The popular candy brand promised to give away one million snickers bars if the petition to change Halloween to the last Saturday of October, gets a positive result.y
Recently we heard about an online petition that's been getting a lot of attention due to its seemingly ambitious goal of changing the date of Halloween. While the spooky festival is celebrated on the 31st of October every year, this year, the date falls on a Thursday and the petitioners claimed it made more sense to hold the festivities on the last Saturday of October.
Although this proposal sounds a bit out there for hardcore Halloween fans, it appears as though the petition is now getting support from some big shots. Snickers, it appears, is team 'Halloween on the last Saturday of October.'
The brand's official Twitter account recently tweeted a link to the petition and promised to give away 1 million free Snickers if the change goes into effect. The tweet reads: A Thursday Halloween? Not Satisfying. Halloween on the last Saturday of October? Satisfying. If the Fed Govt makes it official, we’ll offer 1 million free SNICKERS to America. Join the petition!
A Thursday Halloween? Not Satisfying. Halloween on the last Saturday of October? Satisfying. If the Fed Govt makes it official, we’ll offer 1 million free SNICKERS to America. Join the petition! https://t.co/EycXXuc0tB— SNICKERS® (@SNICKERS) July 26, 2019
While the prospect of a million free Snickers does sound amazing, a majority of Twitter users weren't too pleased by Snickers taking sides. Several accused the brand of "trying to steal a holiday for your sales figures," and threatened to boycott the candy bar altogether.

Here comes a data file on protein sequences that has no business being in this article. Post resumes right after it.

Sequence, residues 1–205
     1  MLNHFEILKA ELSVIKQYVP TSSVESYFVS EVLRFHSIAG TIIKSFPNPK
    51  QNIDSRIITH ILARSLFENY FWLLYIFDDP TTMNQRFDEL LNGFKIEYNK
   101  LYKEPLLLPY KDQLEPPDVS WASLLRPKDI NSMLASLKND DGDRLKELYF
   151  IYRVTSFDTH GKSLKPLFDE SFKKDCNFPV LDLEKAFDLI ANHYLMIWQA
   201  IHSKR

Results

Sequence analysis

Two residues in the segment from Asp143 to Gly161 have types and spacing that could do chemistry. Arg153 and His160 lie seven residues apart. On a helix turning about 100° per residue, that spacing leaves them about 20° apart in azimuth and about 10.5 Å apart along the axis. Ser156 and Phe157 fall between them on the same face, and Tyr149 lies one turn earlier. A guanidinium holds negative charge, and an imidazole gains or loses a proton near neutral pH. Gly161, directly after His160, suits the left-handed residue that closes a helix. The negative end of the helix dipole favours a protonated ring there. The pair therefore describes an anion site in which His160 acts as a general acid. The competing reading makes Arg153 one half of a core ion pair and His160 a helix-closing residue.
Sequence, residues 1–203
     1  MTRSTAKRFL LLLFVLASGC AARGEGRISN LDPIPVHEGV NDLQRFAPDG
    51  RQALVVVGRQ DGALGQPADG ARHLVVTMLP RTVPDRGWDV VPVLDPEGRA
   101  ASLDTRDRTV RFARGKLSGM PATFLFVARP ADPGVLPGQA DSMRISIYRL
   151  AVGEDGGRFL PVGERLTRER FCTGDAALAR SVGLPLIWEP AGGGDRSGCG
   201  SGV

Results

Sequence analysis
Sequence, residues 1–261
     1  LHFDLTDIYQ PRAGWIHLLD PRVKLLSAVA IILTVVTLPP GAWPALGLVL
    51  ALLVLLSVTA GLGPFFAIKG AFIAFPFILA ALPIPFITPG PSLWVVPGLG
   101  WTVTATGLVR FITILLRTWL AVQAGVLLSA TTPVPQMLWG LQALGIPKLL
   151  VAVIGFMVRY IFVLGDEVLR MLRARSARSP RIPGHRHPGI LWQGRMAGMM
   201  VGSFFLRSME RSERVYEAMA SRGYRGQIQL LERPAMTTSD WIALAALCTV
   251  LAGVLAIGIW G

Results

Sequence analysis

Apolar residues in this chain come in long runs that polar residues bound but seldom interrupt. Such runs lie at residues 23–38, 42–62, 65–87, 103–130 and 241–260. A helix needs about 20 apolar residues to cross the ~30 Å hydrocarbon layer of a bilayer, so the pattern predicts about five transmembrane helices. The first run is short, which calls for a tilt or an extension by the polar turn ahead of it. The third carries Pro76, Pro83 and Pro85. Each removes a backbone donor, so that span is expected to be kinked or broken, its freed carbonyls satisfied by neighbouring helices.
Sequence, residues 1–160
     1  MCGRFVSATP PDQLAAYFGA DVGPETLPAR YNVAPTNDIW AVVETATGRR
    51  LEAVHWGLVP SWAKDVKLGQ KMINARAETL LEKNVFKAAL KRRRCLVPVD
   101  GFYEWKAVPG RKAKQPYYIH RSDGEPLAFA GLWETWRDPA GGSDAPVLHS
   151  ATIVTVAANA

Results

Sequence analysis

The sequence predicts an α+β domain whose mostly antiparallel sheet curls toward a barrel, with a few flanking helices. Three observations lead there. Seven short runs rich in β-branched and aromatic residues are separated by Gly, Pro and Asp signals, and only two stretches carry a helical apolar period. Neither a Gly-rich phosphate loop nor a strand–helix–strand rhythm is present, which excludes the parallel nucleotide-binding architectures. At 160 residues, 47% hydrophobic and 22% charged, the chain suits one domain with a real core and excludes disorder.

This is a terrible idea and you should be ashamed. I’m not buying any Snickers for Halloween. Which is on October 31st.— The Haunted Drive-in (@HauntedDriveIn) July 30, 2019
Looks like I won't be handing out your candy for Halloween on OCTOBER 31st. 🎃 #KeepHalloweenOctober31— The Julie (@Corpse_Flower29) July 30, 2019
This is the most corporate tweet I've ever seen. I can't believe people are signing this crap when a brand tells them its a good idea. People have always done stuff on the last Saturday in October, this is just a big corporate entity trying to mess with a holiday to make more.— [[⊙෴⊙]]Sinistar (@Sinnistarr) July 30, 2019
Absolutely terrible idea! You want to change a tradition dating back two millennia for multiple faith traditions simply to sell more candy or because it would be more "convenient"? How disrespectful and tone-deaf.— Chris Weaver (@c_w_weaver) July 30, 2019
According to ABC News, the Change.org petition to change the date of Halloween was started by The Halloween & Costume Association, which claimed the move was for a "Safer, Longer, Stress-Free Celebration."
Explaining the reason behind starting such a petition, the company claimed that there are 3,800 Halloween-related injuries each year and that "12% of children 5 and under go trick or treating without the supervision of an adult."
While the petition has gained 142,877 signatures at the time of writing this article, it now calls for something else. An update on the petition page reads: Instead of changing the date that American’s celebrate Halloween, we will be adding an additional day of festivities in partnership with Party City and other brands. National Trick or Treat Day will take place annually on the last Saturday of October so families across the country can participate in community parades, throw neighborhood parties and opt for daytime Trick or Treating.
A petition to bump Halloween from October 31 to the last Saturday of the month is picking up steam.— CNN (@CNN) July 27, 2019
Launched last year by the nonprofit Halloween & Costume Association, it argues that a date change will lead to a "safer, longer, stress-free celebration." https://t.co/5qVGWRRiBs
It continues: We will launch the #ALLoween campaign designed to support the all-day celebration of National Trick or Treat Day AND the time-honored traditions of Halloween on October 31st. With your support, we will create a safer, longer, bigger celebration for ALL by making National Trick or Treat Day official! Well, I guess everyone wins then? Except for those who were hoping for the free Snickers, of course.